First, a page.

Jia Yueting, left, with the now-departed Faraday co-founder Nick Sampson
Photo: Jae C. Hong (AP)

Electric car startup Faraday Future is circling the drain (again), with the company confirming Tuesday that co-founder Nick Sampson has departed and most employees will be furloughed. At the same time, embattled CEO Jia Yueting is dealing with serious problems of his own: a Chinese investor is trying to convince a California judge to make Jia repay a $100 million debt he incurred back in China.

Early last month, Chinese investment firm Shanghai Qichengyueming Investment Partnership Enterprise sued Jia in federal court, saying it’s entitled to a $100 million award it received in a Chinese arbitration case it filed against Jia over past-due debts.

Back in May, according to the complaint, the China International Economic and Trade Arbitration Commission determined that Jia is liable for “certain loans that had not been repaid” to date, and ordered him to repay SQ an amount that exceeds $100 million. The investment firm says it’s legally entitled to recoup the debt from Jia in U.S. court, under federal law.

Finding Jia hasn’t been easy, based on SQ Investment’s filings in court.

The person retained by SQ investment to serve Jia with its lawsuit said in a statement that, on Sept. 7, she visited Faraday’s warehouse in Gardena, California, and told a security guard “I had a delivery for Jia Yueting.”

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There, she met a Faraday employee who apparently never heard of Jia.

He directed me to the receiving bay. I went in and told the man who approached me that I had a ‘delivery’ for Jia Yueting. He had no idea who that was. A second man then approached and said “Whatcha got?” I said “a delivery for Jia Yueting”. This guy said “Okay, we can take it.” The first guy looked confused. The second guy said to first guy “He is the owner of the company, you dope.” The second guy said to me “No one knows him by that name cuz we all just call him “YT”. I asked if “YT” was in. The second guy said no but he could take the package. I told him I needed “YT” to sign. The second guy said “We take all his packages.” Then, he jokingly patted the first guy on the shoulder and said “He could be “YT” for the day and sign”. I chuckled and said I would come back.

Later that day, she visited a mansion in Ranchos Palos Verde—which Jalopnik highlighted last year in an investigation about Faraday—but no one answered. She went next door to another house Jia purportedly owns, but “no one answered there either,” the employee wrote.

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So a few days later, she returned to the Faraday building and gave the documents in a sealed envelope to a Faraday warehouse employee named Jose Perales, who—according to the statement—signed for the delivery. A day later, she said she mailed another set of documents to Jia at the Faraday warehouse.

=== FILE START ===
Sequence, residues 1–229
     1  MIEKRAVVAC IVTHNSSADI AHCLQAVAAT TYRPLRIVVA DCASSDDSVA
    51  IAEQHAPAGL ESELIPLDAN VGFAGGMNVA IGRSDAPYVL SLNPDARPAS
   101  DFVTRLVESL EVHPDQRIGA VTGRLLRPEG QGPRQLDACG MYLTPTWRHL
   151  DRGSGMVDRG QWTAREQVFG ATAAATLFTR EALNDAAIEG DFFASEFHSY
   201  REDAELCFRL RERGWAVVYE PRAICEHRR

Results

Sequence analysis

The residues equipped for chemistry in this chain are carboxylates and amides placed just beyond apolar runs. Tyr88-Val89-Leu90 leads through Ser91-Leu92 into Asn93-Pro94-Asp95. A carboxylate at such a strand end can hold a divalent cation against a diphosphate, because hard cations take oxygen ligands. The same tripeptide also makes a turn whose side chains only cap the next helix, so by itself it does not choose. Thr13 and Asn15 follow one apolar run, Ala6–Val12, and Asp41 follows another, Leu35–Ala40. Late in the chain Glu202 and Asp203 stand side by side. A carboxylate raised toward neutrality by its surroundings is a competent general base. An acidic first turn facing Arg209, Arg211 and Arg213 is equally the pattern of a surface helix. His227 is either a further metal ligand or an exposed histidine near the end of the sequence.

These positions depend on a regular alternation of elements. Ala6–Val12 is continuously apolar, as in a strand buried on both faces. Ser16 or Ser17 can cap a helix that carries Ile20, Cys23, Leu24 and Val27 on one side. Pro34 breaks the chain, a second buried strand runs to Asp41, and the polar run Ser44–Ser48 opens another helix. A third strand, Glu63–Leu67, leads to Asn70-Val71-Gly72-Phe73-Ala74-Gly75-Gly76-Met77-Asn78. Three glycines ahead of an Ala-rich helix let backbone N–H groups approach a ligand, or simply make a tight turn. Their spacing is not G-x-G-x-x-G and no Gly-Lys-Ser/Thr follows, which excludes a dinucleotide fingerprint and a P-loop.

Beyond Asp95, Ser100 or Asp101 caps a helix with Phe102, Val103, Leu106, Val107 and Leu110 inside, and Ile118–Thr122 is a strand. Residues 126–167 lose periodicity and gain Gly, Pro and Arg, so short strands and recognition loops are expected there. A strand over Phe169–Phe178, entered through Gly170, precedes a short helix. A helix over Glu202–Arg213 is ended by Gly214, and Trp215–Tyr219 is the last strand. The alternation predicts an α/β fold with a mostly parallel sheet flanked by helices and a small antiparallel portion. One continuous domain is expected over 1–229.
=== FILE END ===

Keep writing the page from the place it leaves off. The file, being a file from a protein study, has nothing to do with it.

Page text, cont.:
But Jia argued on Friday in a court filing that SQ’s attempt to serve him the suit wasn’t legit under California law, before slipping in a breathless description of Faraday.

“At the time, Mr. Perales was a shipping clerk employed in a warehouse operated by Faraday & Future, Inc. (“FF”), a pioneer in electric, autonomous cars,” the filing said. “Although Mr. Jia is the CEO of FF, he and Mr. Perales have never met. At the time of the attempted service (i.e., as of September 11, 2018), Mr. Perales had been employed by FF for only two months, and he did not even know who Mr. Jia was.”

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Jia claims that his lawyer met on Oct. 2 to discuss whether the service attempt was sufficient, and his attorney says he offered to waive service. SQ’s attorney, however, declined the offer, “insisting that service was valid,” the filing says. SQ has yet to respond in court, and the firm’s attorney didn’t immediately respond to a request for comment.

Legal minutiae aside, it’s yet another blemish for Faraday amid an already bruising few months. Sampson, the startup’s co-founder, resigned on Tuesday, claiming in an email that the company is “effectively insolvent” and unable to pay its debts, while The Verge reported that more staff were placed on furlough. After a promising return in 2018, in which Faraday hoped to begin production of its first car with the backing of a now-scuttled major investment deal, the company’s situation looks mighty grim.

A spokesperson for Faraday didn’t immediately respond to a request for comment. (We’ll update the post if we hear back.)

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UPDATE: A Faraday Future spokesperson got back to us:

We (FF) cannot confirm the validity of this petition nor can we comment on any pending litigation or arbitration against YT at this time.